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Big Brothers Big Sisters helping children and youth flourish

'Children are our future, and we need to invest in them,' says one Big Sister
A group of Big Brother Big Sister volunteers receive certificates for up to 20 years service, including Joan King (fifth from left) and Terilee Shisler on King's left.

When Big Brothers Big Sisters Niagara held their gala to celebrate a year of accomplishments, particularly the work of their volunteers, they had much to celebrate.

Addressing almost 200 volunteers and donors at their recent event at Queen’s Landing Inn, executive director Erin Graybiel said 2023 was “a monumental year” for Big Brothers Big Sisters agencies in Niagara.

Through their programs, the Niagara organization helped 900 children and youth between the ages of six to 18 years old in 2023, she said.

It was also an impactful year for volunteers gathered for the evening of appreciation, some of whom shared their experiences as Big Brothers and Big Sisters, in casual conversations before the dinner began and during the event.

Terilee Shisler was one of those volunteers. Her mother had been a Big Sister, often bringing her Little Sisters home, she said, and  “though I didn't fully grasp the concept of ‘matches’ at the time, I always welcomed them as part of our family.”

When Shisler turned 18, she signed up to be a Big Sister, and has had several matches throughout the years. After graduating from the child and youth worker program at Niagara College, she went to work for Big Brothers Big Sisters, and then with the District of School Board of Niagara as an educational assistant, before becoming a constable with the Waterloo Regional Police Service, where she is currently a constable in the special victims unit.

She talks of the many memorable experiences she has had with her Little Sisters, from the seven-year-old who at first meeting hid under a table, and after enduring several traumatic experiences in her life with her Big Sister to help see her through them, went on to become a young mom who still stays in touch with Shisler.

“She had faced so many challenges growing up that weren't her fault, and experienced situations no child should ever have to,” Shisler said.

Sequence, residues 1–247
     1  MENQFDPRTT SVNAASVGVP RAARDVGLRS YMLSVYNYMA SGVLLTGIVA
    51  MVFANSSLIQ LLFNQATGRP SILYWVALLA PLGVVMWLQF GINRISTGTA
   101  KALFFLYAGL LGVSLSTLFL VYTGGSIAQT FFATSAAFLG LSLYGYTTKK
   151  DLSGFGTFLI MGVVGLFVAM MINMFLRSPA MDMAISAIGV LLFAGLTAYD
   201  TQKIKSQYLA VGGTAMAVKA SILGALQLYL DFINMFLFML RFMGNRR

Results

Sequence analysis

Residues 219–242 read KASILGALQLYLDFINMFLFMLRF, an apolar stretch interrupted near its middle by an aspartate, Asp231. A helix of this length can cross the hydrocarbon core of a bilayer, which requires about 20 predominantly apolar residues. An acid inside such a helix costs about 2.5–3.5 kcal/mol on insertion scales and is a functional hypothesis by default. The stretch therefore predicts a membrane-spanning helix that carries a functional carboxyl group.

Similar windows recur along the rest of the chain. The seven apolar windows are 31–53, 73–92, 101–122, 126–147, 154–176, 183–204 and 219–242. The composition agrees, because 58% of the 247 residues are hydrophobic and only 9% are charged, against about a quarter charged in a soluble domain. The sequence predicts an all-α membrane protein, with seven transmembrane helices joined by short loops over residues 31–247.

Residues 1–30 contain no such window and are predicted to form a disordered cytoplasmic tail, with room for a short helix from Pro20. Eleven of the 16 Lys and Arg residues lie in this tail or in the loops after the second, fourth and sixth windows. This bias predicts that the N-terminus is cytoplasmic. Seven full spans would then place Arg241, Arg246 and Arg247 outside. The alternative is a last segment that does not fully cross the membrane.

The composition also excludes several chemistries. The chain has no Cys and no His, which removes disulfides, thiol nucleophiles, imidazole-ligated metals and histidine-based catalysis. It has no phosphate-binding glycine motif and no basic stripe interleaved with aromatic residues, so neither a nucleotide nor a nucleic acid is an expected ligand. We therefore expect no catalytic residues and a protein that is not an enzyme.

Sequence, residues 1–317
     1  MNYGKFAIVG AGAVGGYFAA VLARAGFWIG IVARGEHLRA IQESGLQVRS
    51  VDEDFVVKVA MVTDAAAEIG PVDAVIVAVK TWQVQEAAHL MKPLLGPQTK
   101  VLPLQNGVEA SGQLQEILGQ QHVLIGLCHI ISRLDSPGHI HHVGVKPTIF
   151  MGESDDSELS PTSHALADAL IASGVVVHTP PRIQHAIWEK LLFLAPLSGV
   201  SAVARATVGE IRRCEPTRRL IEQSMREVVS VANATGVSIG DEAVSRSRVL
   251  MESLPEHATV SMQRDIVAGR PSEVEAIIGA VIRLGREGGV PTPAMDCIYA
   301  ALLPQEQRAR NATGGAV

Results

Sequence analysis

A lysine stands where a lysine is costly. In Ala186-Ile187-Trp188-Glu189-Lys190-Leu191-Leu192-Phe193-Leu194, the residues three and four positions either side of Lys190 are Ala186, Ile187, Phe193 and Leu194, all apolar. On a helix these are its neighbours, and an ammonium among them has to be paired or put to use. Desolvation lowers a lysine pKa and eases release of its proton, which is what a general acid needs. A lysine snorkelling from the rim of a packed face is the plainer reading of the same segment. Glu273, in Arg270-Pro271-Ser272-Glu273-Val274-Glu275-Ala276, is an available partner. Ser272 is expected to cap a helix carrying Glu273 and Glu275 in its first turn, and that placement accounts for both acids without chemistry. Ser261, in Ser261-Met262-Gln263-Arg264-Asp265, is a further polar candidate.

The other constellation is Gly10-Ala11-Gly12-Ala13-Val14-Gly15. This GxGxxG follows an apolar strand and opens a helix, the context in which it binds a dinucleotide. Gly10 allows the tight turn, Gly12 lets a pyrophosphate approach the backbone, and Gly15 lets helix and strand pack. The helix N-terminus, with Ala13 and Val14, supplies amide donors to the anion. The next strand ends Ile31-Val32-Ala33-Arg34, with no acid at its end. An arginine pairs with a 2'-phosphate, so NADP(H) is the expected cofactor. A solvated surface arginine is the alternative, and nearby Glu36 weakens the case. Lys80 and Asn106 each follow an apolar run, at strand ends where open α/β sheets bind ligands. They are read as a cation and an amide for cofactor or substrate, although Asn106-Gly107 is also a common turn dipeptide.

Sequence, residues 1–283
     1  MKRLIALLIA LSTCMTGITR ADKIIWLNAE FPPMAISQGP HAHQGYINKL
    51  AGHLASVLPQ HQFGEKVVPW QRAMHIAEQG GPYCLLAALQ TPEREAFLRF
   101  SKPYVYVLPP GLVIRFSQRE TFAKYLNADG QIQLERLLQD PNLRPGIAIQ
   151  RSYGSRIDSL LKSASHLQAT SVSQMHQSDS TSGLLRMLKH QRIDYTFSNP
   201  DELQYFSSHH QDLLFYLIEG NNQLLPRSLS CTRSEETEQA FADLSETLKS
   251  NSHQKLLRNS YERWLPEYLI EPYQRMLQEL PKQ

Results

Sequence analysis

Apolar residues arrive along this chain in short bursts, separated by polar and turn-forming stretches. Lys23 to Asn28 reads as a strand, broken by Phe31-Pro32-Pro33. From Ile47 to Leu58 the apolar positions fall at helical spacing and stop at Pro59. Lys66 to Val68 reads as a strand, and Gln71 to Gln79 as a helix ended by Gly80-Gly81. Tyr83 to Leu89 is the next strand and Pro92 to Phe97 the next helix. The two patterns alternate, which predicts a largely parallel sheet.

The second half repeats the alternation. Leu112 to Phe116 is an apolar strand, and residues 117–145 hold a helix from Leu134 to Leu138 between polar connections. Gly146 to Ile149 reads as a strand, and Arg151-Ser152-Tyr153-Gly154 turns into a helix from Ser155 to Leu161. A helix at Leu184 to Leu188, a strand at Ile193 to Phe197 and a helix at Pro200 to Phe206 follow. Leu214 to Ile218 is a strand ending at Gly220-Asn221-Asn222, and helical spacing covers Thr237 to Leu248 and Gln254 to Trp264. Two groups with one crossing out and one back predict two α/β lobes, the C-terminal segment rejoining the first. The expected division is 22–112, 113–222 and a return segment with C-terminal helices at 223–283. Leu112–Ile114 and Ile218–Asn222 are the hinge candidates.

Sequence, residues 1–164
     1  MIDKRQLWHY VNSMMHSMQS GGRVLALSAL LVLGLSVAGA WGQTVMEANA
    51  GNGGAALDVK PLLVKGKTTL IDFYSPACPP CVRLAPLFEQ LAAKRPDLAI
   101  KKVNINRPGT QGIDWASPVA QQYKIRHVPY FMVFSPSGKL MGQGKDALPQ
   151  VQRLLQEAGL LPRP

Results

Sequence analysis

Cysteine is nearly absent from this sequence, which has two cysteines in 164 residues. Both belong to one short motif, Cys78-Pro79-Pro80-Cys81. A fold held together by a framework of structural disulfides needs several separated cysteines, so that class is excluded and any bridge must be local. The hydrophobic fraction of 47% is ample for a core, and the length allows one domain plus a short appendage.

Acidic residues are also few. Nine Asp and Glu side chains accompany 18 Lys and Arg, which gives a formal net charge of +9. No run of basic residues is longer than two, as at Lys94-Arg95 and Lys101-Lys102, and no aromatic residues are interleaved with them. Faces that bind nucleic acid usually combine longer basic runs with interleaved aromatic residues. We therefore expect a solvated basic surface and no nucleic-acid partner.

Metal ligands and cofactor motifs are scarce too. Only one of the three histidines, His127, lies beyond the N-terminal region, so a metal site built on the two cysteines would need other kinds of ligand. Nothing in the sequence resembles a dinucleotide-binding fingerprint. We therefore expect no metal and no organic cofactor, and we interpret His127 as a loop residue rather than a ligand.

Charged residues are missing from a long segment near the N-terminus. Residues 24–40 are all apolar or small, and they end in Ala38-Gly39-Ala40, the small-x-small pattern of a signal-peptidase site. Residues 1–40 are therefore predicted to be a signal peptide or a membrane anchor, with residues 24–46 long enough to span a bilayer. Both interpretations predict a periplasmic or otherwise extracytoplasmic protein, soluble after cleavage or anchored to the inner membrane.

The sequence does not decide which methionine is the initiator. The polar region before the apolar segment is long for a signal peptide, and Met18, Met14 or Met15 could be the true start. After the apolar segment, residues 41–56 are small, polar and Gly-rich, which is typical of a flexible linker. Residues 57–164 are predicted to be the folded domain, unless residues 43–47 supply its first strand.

After seeing how far this young woman has come, the good decisions she has made and the obstacles she has overcome, Shisler added,  “there are truly no words to express how proud I am of her.”

She has enjoyed many memorable moments with other Little Sisters, and continue to. Shisler is currently matched with an eight-year-old girl who lost her older sister to cancer, who now refers to Shisler as “her special friend.” The youngster has come to trust her Big Sister, and is able to talk about the sister she lost, and how much she misses her.

This young girl was chosen to be part of the BBBS Big Start program last September, and was given a $200 gift card to purchase back-to-school clothes and supplies at the Pen Centre. “She had never been back-to-school shopping before and was so excited to pick out new shoes and outfits.”

She has become part of Shisler’s family, coming over for dinner and playing with her sons, and “hearing them laugh and play together just warms my heart.”

“As a volunteer, you never truly know how much you are impacting a child's life,” she said. “These relationships that you make don't just dissipate when the match does, they continue on to be lifelong friendships.”

In 2021, Shisler received the Ontario Association Chief of Police Youth Service Volunteer Award, a huge accomplishment for the mother of two with a full-time job and other volunteer work in addition to being a Big Sister —  there is no doubt she is dedicating her life to helping youth in the community, including through BBBS.

“Having volunteers matched to children through the Big Big Brother Sister programs is so important,” she told The Local. “I am very passionate about working with children and youth. They are our future, and we need to invest in them.”

The one-on-one time spent with them “provides time to connect, to be seen, to be heard and it allows the mentor the opportunity to help that child build their self esteem, encourage them, support them and it develops a trusting relationship, which is what these children need.” 

To make better use of their resources and reach more children and youth, last year two Big Brother Big Sister agencies in Niagara unified to create a new entity, bringing together mentors, mentees, families, volunteers, funders, staff and board members to become one strong Niagara-wide agency, Graybiel explained at the Queen’s Landing gathering. The agency also works closely with a number of other organizations to be able to offer “wrap-around supports to children, youth and families.”